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Wado Heretic
Green Belt
Green Belt

Joined: 23 May 2014
Posts: 481
Location: United Kingdom, England, Shropshire
Styles: Wado-Ryu , Kobayashi Shorin-Ryu (Kodokan), RyuKyu Kobojutsu

PostPosted: Thu Jan 13, 2022 12:33 pm    Post subject: Reply with quote

I use the pinangata quite extensively. This, however, is due to my model of teaching. The organisation I belong to has what are called the "Rolling Bunkai" and there is a set for each of the Pinan. The Rolling Bunkai are essentially a form of Yakusoku Kumite demonstrating an application for each sequence of movements, and the principles therein.

I teach the aforementioned Rolling Bunkai and then the kata sequence. Thus, the basic application is taught alongside the kata movements. I then break down the rolling bunkai into isolation exercises focused on the broader principles of foot-work or hand-fighting found within. I gamify the exercises with Renzoku Kumite and Kakei-Kumite exercises focusing on the shapes within. Lastly I apply self-defence scenarios which take the form of semi-free sparring drills to put into context where we might use said skills in self-defence. I also put a lot of emphasis on the mechanics and structure of the movements as they relate to the application so the kata serve as shadow-training for the applications.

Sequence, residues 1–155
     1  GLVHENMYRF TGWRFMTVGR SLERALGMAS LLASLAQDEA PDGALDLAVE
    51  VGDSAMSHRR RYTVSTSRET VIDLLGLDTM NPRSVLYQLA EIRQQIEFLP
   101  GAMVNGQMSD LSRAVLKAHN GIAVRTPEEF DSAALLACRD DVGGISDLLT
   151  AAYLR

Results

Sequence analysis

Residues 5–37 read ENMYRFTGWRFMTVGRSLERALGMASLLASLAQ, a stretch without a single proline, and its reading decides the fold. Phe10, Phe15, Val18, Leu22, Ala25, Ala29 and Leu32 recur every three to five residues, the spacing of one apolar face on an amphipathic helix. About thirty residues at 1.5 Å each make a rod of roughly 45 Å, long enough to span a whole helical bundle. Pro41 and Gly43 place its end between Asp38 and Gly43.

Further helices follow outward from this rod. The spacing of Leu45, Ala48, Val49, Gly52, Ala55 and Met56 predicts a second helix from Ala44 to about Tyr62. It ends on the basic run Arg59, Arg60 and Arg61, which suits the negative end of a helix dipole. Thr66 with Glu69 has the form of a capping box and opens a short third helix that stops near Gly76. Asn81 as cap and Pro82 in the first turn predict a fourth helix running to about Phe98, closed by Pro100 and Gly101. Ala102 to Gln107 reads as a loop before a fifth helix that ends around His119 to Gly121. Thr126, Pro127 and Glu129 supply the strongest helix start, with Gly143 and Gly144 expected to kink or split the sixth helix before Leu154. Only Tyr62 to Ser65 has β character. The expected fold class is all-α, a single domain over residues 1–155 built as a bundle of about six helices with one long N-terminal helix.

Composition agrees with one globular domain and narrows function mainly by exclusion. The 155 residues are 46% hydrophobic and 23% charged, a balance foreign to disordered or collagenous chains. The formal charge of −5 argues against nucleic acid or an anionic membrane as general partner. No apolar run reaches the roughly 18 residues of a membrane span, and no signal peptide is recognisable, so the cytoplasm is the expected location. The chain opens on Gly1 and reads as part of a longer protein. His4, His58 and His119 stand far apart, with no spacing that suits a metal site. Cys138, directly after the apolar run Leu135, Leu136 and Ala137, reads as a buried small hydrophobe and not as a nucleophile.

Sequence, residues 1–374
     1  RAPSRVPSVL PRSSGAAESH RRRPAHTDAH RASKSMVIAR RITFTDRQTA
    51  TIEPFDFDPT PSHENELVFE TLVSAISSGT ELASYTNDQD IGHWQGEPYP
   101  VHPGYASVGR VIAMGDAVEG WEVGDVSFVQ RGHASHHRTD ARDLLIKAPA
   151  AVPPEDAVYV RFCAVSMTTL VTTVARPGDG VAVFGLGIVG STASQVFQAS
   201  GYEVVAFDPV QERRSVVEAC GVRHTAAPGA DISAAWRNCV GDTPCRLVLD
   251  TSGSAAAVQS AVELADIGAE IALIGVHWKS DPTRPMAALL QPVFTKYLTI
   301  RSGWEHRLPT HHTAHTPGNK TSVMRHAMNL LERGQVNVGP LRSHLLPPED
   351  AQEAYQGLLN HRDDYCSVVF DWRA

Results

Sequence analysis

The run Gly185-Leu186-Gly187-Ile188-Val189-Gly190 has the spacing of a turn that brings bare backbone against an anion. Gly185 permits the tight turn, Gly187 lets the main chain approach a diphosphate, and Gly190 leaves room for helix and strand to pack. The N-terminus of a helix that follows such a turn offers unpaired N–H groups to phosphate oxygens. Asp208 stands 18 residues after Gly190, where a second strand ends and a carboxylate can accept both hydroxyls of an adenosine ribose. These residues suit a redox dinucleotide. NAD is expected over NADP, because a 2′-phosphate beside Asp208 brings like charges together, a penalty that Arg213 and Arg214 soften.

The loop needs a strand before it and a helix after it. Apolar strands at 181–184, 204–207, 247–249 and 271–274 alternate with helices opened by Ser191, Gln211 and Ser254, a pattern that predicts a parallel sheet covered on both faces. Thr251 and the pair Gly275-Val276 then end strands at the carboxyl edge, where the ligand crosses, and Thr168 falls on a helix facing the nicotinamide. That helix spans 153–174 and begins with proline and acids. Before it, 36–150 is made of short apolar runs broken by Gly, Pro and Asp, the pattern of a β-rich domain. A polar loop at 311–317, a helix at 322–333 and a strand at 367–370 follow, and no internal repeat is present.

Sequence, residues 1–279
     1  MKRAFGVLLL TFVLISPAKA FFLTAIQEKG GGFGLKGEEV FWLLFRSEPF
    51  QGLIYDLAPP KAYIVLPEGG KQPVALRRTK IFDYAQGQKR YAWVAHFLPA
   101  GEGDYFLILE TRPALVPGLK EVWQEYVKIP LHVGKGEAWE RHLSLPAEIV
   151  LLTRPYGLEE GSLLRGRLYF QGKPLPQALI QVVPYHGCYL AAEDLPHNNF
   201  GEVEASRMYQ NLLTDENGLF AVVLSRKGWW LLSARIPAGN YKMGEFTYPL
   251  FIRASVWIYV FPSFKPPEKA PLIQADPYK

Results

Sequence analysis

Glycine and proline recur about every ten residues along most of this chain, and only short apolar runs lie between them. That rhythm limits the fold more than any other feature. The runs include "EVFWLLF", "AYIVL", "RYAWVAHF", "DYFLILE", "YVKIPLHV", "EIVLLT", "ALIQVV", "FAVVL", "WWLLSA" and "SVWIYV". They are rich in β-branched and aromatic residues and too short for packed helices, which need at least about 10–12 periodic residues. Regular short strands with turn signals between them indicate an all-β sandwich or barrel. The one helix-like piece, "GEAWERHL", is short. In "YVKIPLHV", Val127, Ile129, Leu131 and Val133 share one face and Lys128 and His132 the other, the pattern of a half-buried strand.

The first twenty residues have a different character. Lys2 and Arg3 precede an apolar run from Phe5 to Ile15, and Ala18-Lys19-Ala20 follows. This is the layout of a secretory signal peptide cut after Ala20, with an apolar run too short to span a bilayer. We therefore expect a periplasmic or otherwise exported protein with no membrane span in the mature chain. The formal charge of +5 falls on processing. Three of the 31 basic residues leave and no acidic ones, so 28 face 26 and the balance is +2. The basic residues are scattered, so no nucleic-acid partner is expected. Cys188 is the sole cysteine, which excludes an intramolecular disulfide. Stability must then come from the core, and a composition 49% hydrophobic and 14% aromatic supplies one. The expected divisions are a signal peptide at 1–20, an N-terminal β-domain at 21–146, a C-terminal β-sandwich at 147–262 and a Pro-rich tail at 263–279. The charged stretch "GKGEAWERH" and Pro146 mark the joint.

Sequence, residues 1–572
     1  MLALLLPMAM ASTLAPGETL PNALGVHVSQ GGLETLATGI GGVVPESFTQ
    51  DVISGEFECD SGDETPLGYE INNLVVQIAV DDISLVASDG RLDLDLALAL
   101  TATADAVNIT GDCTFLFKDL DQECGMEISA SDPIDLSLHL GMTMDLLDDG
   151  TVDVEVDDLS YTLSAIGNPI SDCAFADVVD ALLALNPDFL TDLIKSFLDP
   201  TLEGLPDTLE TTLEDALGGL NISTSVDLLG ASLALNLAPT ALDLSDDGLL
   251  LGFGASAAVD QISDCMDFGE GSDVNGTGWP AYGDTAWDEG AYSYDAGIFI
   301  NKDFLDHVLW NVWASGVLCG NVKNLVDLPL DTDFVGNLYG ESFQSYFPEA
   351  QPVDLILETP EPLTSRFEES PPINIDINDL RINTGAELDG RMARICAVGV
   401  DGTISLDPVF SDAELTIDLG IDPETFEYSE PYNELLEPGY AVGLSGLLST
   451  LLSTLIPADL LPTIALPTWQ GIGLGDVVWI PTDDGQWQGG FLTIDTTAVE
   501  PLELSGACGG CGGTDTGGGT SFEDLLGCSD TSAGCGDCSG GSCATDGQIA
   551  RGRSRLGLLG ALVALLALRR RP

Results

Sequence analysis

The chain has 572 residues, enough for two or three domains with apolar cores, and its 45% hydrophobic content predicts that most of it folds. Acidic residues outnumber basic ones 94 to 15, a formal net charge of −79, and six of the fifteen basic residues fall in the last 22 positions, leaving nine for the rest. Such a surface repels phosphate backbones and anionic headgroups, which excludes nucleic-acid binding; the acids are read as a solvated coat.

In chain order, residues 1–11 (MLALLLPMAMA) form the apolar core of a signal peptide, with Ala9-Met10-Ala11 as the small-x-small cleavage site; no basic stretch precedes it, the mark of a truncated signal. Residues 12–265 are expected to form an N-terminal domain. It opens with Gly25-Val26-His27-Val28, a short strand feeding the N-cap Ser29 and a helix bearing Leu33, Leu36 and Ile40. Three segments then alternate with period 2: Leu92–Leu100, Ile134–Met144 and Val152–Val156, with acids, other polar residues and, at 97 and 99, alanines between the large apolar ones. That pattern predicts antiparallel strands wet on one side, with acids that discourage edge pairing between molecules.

Gekisai Ichi, or Fyukyugata Ni, I tend to teach after the Pinangata, but with a focus on the Naha elements present.

Most of the time that is my model. However, it does depend on the student. If I have a student that already knows the pinangata I will not bother teaching them a new version, unless they ask me, and I parse their application education down to the novel sequences found in the pinangata. Just so they are on the same page as everyone around them.

If I have a student that will not benefit from the rudimentary education found within the pinangata I will move them straight onto Jitte. It contains interesting techniques against more sophisticated martial arts.

That said: all adult students start with Naihanchi Shodan and Higoanna no Sanchin. Those are the two kata we run through each class.
R. Keith Williams

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Miick 11
Yellow Belt
Yellow Belt

Joined: 01 Jan 2021
Posts: 74

PostPosted: Sat Jan 15, 2022 6:24 pm    Post subject: Reply with quote

I started Karate, Shotokan, as a school kid, so I learned Heian forms . Then much later I did Shorin-ryu Pinan forms . I prefer the latter due to a greater depth of applications and techniques . However I have seen many different ways of doing Pinan some little different from Heian . Even a single move , transitioning from one stance / direction to another has so much 'significance' in it and its other possible applications . This is entirely lost in Heian as that move isnt even executed in it !

Originally we only did the first 2 Pinan , although now the 5 of them . Mr Nishihira 'started' off with Niharchin Shodan ( his favorite kata to teach people his form ) .

However I would never teach school kids, or even youths and adults whom I considered 'irresponsible' these techniques ..... hence their changing so as to make a 'school physical education system' out of them .
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